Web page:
Depending on my use-case I either use **Calc; the C-style arbitrary precision calculator** or **bc**.

(Both are available on Linux/OSX/Windows)

### Calc

Example matrix assignment:

```
mat [2][3] = {{1,2,3},{4,5,6}}
```

Documentation for multiplication of matrices:

A * B

Multiplication is defined provided certain conditions by the
dimensions and shapes of A and B are satisfied. If both have
dimension 2 and the column-index-list for A is the same as
the row-index-list for B, C = A * B is defined in the usual
way so that for i in the row-index-list of A and j in the
column-index-list for B,

```
C[i,j] = Sum A[i,k] * B[k,j]
```

the sum being over k in the column-index-list of A. The same
formula is used so long as the number of columns in A is the same
as the number of rows in B and k is taken to refer to the offset
from matmin(A,2) and matmin(B,1), respectively, for A and B.
If the multiplications and additions required cannot be performed,
an execution error may occur or the result for C may contain
one or more error-values as elements.

If A or B has dimension zero, the result for A * B is simply
that of multiplying the elements of the other matrix on the
left by A[] or on the right by B[].

If both A and B have dimension 1, A * B is defined if A and B
have the same size; the result has the same index-list as A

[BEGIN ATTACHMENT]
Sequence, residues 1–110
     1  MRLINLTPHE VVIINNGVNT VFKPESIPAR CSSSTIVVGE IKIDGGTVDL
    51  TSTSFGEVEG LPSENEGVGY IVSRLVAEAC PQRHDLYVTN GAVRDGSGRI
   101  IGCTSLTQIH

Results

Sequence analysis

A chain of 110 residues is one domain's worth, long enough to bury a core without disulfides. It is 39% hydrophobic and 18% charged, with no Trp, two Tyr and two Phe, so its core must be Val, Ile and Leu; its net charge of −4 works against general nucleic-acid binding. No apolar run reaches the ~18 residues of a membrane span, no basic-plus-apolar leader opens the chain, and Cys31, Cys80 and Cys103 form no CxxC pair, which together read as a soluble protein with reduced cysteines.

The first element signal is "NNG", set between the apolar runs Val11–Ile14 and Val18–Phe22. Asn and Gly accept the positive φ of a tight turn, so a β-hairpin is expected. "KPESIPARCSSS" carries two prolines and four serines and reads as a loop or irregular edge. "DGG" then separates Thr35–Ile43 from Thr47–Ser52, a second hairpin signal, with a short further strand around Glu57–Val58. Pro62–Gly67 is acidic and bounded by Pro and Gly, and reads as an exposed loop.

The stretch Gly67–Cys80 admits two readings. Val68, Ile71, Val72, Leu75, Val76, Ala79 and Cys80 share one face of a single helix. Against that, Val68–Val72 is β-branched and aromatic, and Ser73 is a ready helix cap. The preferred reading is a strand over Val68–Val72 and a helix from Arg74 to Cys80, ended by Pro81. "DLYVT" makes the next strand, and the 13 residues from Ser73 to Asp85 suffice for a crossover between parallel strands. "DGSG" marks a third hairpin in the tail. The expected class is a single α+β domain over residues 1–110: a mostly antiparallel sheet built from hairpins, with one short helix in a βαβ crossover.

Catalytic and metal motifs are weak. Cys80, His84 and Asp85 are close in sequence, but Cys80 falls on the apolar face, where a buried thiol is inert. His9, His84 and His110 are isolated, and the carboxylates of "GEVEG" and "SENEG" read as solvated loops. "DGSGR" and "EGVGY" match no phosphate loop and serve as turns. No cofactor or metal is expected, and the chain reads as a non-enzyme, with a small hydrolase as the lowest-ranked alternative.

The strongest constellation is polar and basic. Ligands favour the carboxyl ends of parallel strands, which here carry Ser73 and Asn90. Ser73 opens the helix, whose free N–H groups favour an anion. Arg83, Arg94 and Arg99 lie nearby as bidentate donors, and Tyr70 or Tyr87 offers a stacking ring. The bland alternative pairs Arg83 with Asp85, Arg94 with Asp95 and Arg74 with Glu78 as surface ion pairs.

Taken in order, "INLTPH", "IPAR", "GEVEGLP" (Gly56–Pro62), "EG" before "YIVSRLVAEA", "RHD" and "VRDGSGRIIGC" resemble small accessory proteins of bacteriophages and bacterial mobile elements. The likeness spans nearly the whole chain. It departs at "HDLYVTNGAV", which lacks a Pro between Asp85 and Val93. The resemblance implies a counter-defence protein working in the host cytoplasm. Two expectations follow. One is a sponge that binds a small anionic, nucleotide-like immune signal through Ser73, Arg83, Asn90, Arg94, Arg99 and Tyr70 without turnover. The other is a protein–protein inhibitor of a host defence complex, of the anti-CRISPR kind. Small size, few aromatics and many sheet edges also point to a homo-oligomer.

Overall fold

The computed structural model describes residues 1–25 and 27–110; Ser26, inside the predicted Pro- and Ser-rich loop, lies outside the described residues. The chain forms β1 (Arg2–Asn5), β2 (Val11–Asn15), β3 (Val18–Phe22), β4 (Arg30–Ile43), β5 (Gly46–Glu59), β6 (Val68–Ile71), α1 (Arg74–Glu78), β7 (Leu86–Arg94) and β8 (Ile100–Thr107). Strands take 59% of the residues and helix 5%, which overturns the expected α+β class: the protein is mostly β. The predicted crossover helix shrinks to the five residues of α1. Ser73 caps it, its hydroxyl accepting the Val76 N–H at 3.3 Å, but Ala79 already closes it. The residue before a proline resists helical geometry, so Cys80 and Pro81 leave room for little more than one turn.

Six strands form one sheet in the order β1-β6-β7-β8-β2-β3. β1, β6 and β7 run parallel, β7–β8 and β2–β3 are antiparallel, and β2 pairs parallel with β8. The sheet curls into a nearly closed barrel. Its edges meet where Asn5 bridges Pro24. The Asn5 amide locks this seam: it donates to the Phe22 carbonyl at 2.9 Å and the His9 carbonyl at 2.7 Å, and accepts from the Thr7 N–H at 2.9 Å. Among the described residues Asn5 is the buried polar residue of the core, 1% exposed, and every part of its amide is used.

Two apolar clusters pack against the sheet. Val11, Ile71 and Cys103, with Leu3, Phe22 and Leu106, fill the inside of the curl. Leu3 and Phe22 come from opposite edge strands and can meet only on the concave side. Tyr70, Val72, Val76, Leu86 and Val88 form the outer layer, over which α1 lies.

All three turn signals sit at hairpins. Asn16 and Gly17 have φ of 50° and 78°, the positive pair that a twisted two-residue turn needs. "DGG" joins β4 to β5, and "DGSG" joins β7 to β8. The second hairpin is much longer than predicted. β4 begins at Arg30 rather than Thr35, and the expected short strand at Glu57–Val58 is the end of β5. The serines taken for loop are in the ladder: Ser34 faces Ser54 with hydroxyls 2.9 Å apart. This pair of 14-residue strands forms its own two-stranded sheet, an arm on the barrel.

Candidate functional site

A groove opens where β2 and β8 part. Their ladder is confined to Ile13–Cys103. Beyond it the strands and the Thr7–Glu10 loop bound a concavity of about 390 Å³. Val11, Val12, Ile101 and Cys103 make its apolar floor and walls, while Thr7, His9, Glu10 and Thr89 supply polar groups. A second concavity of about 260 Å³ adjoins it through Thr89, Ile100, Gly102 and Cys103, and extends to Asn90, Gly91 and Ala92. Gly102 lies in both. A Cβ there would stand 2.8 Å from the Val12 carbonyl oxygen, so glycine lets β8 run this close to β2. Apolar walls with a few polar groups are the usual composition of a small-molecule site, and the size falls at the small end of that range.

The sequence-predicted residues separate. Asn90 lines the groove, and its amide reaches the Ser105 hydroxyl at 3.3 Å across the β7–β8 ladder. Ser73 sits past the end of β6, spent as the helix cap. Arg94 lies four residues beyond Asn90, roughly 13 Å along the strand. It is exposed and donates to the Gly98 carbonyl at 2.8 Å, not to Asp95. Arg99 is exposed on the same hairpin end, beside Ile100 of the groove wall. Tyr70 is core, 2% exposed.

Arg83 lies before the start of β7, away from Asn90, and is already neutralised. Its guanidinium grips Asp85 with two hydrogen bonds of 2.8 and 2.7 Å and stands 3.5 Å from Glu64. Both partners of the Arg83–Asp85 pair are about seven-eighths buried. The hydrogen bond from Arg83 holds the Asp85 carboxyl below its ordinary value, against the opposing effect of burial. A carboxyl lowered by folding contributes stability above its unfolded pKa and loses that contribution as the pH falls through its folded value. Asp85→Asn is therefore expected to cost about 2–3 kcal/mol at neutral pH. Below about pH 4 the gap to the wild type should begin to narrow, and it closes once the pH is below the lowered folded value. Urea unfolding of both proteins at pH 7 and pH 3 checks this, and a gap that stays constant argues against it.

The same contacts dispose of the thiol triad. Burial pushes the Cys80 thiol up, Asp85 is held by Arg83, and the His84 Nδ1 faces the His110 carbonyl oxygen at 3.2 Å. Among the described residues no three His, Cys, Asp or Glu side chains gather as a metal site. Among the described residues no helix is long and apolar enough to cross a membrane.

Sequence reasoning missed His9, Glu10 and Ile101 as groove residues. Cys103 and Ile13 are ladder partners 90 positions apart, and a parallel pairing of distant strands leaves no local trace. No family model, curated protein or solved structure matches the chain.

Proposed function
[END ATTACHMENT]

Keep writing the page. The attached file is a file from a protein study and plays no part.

and each element is the product of corresponding elements of
A and B. If A and B have the same index-list, this multiplication
is consistent with multiplication of 2D matrices if A and B are
taken to represent 2D matrices for which the off-diagonal elements
are zero and the diagonal elements are those of A and B.
the real and complex numbers.

If A is of dimension 1 and B is of dimension 2, A * B is defined
if the number of rows in B is the same as the size of A. The
result has the same index-lists as B; each row of B is multiplied
on the left by the corresponding element of A.

If A is of dimension 2 and B is of dimension 1, A * B is defined
if number of columns in A is the same as the size of A. The
result has the same index-lists as A; each column of A is
multiplied on the right by the corresponding element of B.

The algebra of additions and multiplications involving both one-
and two-dimensional matrices is particularly simple when all the
elements are real or complex numbers and all the index-lists are
the same, as occurs, for example, if for some positive integer n,
all the matrices start as mat [n] or mat [n,n].